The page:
Airlines Need More Cost Cuts

May 31, 2004
As part of its restructuring, Air Canada has reached an agreement with the Canadian Auto Workers (CAW) union that, coupled with similar concessions from

As part of its restructuring, Air Canada has reached an agreement with the Canadian Auto Workers (CAW) union that, coupled with similar concessions from other unions, will allow it to cut costs by a further $146 million per year. The CAW, which represents 5,000 of the airline's workers, was the last holdout against additional concessions. The airline hopes to emerge from bankruptcy protection in September. In the United States, US Airways said it was able to cut $1.9 billion in operating expenses since filing for Chapter 11 bankruptcy protection. But its survival hinges on the ability to cut another $1.5 billion by the end of September. About $800 million of those cuts are being sought from labor unions - where the airline had cut $1 billion to date. Pilots, who gave $565 million in concessions during the bankruptcy have been asked for another $295 in reductions. The airline was not in favor of selling assets to raise cash.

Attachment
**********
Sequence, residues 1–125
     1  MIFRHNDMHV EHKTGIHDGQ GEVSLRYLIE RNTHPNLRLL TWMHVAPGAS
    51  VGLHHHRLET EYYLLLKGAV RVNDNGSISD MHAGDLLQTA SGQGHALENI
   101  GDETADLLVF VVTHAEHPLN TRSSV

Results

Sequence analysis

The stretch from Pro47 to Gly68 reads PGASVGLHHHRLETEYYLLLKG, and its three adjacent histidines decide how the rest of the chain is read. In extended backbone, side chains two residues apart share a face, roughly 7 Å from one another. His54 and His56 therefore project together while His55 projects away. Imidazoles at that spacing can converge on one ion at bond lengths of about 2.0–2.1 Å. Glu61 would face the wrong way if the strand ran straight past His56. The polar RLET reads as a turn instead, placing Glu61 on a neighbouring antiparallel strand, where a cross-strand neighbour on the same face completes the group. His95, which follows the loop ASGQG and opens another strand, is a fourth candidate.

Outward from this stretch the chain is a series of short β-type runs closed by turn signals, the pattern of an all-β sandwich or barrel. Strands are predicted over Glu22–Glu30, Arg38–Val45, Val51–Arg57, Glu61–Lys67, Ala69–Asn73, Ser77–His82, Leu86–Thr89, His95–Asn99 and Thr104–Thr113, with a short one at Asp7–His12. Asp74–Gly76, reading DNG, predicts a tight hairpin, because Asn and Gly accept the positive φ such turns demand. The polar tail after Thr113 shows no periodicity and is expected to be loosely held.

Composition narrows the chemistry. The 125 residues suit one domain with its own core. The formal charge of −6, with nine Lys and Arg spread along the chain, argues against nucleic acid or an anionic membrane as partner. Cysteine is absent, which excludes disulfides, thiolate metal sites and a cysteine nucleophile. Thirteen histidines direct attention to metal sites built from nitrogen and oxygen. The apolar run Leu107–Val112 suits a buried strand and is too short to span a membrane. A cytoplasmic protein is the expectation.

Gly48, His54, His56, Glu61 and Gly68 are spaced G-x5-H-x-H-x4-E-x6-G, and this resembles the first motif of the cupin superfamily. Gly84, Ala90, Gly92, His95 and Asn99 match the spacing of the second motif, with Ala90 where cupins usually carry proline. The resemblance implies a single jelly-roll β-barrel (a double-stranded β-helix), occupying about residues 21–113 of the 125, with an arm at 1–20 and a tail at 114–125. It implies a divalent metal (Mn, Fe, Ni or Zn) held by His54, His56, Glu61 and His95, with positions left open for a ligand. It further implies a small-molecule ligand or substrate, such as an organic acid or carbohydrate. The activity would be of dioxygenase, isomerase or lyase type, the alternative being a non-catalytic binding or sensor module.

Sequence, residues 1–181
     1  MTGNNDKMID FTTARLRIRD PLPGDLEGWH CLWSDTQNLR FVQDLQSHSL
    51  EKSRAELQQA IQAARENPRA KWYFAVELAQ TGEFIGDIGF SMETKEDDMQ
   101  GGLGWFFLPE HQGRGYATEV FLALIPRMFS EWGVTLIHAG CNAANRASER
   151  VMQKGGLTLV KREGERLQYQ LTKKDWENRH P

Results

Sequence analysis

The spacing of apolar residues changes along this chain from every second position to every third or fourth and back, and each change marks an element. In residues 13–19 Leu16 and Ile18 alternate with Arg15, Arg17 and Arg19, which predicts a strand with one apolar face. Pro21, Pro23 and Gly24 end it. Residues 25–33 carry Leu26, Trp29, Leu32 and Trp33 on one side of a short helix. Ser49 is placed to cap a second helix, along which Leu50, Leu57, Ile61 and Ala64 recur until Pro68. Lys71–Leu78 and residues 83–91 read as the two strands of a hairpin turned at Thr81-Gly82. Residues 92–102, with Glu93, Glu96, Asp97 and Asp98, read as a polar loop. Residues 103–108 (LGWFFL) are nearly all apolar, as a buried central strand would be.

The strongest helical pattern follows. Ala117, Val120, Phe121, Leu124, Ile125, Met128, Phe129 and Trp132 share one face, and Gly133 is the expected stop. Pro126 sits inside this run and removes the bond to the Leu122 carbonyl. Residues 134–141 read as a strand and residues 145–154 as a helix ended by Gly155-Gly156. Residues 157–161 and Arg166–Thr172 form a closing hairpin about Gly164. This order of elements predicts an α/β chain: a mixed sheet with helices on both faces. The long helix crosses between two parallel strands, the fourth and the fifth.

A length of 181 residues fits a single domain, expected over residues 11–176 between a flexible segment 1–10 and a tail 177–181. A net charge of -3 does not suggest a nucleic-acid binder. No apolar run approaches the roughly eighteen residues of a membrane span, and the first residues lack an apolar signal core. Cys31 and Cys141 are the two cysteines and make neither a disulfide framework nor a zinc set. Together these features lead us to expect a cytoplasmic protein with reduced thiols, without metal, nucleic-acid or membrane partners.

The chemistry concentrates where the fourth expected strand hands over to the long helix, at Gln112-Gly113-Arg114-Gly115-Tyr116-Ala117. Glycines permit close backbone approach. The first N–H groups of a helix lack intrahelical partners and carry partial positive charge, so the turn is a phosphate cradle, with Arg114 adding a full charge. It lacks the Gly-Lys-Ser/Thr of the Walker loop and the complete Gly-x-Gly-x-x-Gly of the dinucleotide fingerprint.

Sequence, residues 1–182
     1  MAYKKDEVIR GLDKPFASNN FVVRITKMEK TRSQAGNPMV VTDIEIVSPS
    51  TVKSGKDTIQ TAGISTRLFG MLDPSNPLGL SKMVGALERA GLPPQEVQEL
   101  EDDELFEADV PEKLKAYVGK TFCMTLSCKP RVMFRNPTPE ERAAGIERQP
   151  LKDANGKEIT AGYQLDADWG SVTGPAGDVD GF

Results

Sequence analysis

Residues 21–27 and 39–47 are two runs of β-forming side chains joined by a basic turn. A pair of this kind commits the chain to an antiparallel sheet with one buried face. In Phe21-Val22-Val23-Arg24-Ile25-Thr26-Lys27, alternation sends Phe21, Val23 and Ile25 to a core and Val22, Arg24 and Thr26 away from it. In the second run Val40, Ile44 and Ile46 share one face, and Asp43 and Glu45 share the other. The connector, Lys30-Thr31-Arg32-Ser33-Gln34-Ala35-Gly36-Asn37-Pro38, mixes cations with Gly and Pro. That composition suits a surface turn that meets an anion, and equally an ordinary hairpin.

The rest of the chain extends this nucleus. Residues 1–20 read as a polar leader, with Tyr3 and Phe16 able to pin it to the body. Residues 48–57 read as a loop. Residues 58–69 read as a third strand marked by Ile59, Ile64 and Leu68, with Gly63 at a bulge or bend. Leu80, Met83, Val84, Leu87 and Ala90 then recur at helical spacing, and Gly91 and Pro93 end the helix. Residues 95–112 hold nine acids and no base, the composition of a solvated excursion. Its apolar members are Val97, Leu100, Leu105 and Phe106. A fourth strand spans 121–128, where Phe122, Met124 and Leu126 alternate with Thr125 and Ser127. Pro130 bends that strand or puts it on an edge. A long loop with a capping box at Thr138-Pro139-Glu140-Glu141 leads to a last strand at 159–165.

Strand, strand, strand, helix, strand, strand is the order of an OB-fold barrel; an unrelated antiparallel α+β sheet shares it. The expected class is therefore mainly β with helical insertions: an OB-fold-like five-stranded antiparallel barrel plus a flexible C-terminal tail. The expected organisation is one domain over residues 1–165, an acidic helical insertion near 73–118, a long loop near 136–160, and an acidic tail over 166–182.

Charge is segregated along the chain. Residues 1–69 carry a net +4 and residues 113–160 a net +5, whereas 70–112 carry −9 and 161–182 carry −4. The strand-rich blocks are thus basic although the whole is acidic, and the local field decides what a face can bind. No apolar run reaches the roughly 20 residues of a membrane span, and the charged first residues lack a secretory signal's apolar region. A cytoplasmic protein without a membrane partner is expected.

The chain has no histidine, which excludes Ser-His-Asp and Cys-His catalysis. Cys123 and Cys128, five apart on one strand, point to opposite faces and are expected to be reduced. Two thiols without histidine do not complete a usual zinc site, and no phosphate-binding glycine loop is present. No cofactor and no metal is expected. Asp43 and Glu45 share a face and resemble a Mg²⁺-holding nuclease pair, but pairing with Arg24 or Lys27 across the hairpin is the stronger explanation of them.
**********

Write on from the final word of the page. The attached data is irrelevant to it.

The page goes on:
The European Commission has been very clear that it will not permit the Italian government to subsidize the ailing Alitalia airline, but media reports indicate it would allow a bridge loan. The Italian government, which owns 62% of the airline, could provide an estimated $600 million in the form of a loan, if the EU Commission approves the loan. Alitalia had hoped to be a third partner in the Air France/KLM combination, which was approved earlier this year. The cargo operations of the two airlines should begin integrating activities in 2005. Alitalia's cargo operations are included in efforts to integrate the two European airlines' operations. In the meantime, Air France and KLM will provide each other with access to capacity in a limited number of lanes during 2004. Freighter adjustments are expected towards the end of the year.

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